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Best Lens for DSLR for Alaska


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Adapting another thread, if you have a DSLR and wanted a new lens to make your Alaska shots the best you can make them, what lens would you get.  I already have a zoom and the 18/135 kit lens. How much wider would you go?

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Previous discussions for Alaska have neglected wide angle lenses in favor of some more extreme telephoto options.

A wide angle lens [24 to 35 mm 'full frame' equivalent] might be useful for interior [on ship and on land] pictures and for stitching panorama shots. Many photographers will use a modest wide angle lens for their 'walking around' lens.

 

Your 18mm kit lens likely is similar to the angle of view of a full frame 28mm [or my MFT kit zoom14-42mm] lens. A prime [fixed focal length] lens might be much more compact, and be brighter [f/1.8] instead of a kit zoom at f/3.5 or so.

 

For SLR mounts, you may find that the size/weight/price increases radically for prime lenses wider than 24mm - very few of them will be optimized for smaller than full frame coverage. 

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On ‎10‎/‎22‎/‎2020 at 7:00 PM, mskaufman said:

I bought a Tamron 18 - 400.  Not that heavy, fairly compact and I rarely change lenses.

Good idea not having to carry a bag full of lens - and - at the moment of that photo opt you have

the wrong lens and struggle to change missing the target.

The 18-400 certainly will cover all the bases - beware of the Pinocchio principle when the 400 is extended

banging into things - LOL !

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6 hours ago, don't-use-real-name said:

Good idea not having to carry a bag full of lens - and - at the moment of that photo opt you have

the wrong lens and struggle to change missing the target.

The 18-400 certainly will cover all the bases - beware of the Pinocchio principle when the 400 is extended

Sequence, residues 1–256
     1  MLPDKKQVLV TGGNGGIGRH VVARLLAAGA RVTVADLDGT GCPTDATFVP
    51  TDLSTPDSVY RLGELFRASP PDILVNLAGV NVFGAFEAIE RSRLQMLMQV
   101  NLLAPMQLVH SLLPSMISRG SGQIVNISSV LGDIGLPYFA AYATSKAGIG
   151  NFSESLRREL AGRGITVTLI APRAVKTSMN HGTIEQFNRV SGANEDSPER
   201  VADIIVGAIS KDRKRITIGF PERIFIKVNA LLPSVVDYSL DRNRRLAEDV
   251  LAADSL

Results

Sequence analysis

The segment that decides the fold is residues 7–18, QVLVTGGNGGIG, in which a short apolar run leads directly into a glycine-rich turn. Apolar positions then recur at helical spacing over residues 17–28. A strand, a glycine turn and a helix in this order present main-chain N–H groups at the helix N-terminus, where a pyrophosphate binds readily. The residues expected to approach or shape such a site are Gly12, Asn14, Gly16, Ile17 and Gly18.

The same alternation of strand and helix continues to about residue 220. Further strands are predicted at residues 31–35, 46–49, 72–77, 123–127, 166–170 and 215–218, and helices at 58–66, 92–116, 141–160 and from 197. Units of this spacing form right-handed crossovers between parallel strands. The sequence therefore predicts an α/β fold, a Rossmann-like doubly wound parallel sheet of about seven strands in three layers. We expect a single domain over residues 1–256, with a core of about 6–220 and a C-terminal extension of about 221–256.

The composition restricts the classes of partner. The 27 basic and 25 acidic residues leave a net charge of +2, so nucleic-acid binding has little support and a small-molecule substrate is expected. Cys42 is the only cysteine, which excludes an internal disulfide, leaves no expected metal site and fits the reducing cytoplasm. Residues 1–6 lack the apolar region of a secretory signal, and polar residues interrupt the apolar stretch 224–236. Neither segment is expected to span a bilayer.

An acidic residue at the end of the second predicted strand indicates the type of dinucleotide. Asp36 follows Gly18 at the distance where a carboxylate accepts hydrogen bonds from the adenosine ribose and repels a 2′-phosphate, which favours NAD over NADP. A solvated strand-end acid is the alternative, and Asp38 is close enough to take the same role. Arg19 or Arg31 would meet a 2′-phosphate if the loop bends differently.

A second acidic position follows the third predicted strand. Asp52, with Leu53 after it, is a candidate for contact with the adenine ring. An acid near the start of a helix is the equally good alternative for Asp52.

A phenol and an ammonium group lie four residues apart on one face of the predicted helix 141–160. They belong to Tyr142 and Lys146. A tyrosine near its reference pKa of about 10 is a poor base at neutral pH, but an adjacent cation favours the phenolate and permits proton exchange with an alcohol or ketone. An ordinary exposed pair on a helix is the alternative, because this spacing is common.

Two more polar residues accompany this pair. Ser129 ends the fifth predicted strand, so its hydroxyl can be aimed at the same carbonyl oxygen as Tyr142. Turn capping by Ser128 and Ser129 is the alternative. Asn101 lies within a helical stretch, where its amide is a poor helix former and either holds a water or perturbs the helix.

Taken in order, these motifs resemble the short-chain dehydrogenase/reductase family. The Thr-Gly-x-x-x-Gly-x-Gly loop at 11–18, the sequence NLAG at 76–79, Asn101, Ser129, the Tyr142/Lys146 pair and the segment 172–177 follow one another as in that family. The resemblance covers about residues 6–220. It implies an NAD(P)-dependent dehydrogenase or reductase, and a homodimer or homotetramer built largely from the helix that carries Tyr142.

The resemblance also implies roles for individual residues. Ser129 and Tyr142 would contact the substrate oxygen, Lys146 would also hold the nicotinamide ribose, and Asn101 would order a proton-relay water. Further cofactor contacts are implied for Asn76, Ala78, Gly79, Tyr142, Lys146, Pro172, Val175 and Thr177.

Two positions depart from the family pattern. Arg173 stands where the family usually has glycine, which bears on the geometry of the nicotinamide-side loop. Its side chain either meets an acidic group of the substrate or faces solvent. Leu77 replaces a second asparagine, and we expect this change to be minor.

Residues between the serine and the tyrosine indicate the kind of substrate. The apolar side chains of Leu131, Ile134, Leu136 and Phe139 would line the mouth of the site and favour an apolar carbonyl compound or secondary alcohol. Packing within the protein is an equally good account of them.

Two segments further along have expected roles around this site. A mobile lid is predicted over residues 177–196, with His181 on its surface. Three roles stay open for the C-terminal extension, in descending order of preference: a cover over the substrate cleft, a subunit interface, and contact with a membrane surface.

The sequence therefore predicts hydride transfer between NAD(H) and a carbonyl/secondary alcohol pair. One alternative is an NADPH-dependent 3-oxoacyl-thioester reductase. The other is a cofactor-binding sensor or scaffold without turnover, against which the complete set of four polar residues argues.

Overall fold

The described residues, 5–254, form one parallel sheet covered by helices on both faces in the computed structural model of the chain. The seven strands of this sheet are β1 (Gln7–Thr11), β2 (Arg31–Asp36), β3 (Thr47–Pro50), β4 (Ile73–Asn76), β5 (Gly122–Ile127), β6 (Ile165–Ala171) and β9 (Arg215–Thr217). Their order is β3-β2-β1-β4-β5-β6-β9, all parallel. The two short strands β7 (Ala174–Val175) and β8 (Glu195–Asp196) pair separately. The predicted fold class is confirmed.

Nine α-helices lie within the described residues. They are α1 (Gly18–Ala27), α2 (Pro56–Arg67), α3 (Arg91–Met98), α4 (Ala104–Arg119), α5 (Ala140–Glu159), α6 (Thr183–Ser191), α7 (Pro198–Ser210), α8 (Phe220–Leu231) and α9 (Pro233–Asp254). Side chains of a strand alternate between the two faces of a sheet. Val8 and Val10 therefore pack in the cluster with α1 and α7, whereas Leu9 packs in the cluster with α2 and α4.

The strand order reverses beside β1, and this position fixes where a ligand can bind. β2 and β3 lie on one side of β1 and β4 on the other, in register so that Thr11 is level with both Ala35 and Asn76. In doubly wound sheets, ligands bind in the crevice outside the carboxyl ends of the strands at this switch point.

banging into things - LOL !

Although the wide focal length coverage is a good thing, these super zooms obviously have to make some compromises to archive the wide zoom range. The main caveat is obviously apertures: with this Tamron the max apertures are f/3.5-f/6.3, which are especially in the tele end on the slow side and thus the useability of the lens in low light conditions suffers. Complex optical formulas needed for this sort of lens might be also more prone to give distortions, but of course image editing can fix some of these. It also varies how easily you actually spot such imperfections and how much these bother you, for many people the memories recorded in the photos are more important than the high technical quality of the photos.

Personally, I would probably take multiple shorter zooms or primes instead of a superzoom lens, but then there are obvious downsides: more weight and if carrying just one camera body, lens changes could mean that you have wrong lens at wrong time and thus miss some photo opportunities.

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I recently acquired an Olympus OMD M1 mark 2 and its companion superzoom travel lens - 12-200 f/3.5 to f/6.3.

 

Like the Tamron, it is relatively slow at the long end, and Pinnochio zooms to twice its length when zoomed to the long end. [makes me miss the internal zoom of my old FZ-50]

On the other hand, it is weather sealed, so rain and mild splashes should not bother the combo.

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  • 3 weeks later...

I think it does depend on what photos you are hoping to catch.....

 

Telephoto for wildlife  200-300 range   

 

pana landscapes if stitching 35-50 & tripod I find idea

but hand held 9-18  is good

 

I find a tend to use my 9-18 a lot on landscapes..... but that is me 

 

Don 

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  • 2 weeks later...
On 10/22/2020 at 3:08 PM, TheOldBear said:

Previous discussions for Alaska have neglected wide angle lenses in favor of some more extreme telephoto options.

A wide angle lens [24 to 35 mm 'full frame' equivalent] might be useful for interior [on ship and on land] pictures and for stitching panorama shots. Many photographers will use a modest wide angle lens for their 'walking around' lens.

 

Your 18mm kit lens likely is similar to the angle of view of a full frame 28mm [or my MFT kit zoom14-42mm] lens. A prime [fixed focal length] lens might be much more compact, and be brighter [f/1.8] instead of a kit zoom at f/3.5 or so.

 

For SLR mounts, you may find that the size/weight/price increases radically for prime lenses wider than 24mm - very few of them will be optimized for smaller than full frame coverage. 

 

A 14-24mm lives on my FF body when used on ship.  24mm seems about perfect.  A 24-70 could also be a great choice. 

 

I'm planning to be back in AK 2021, fingers crossed.

 

framer

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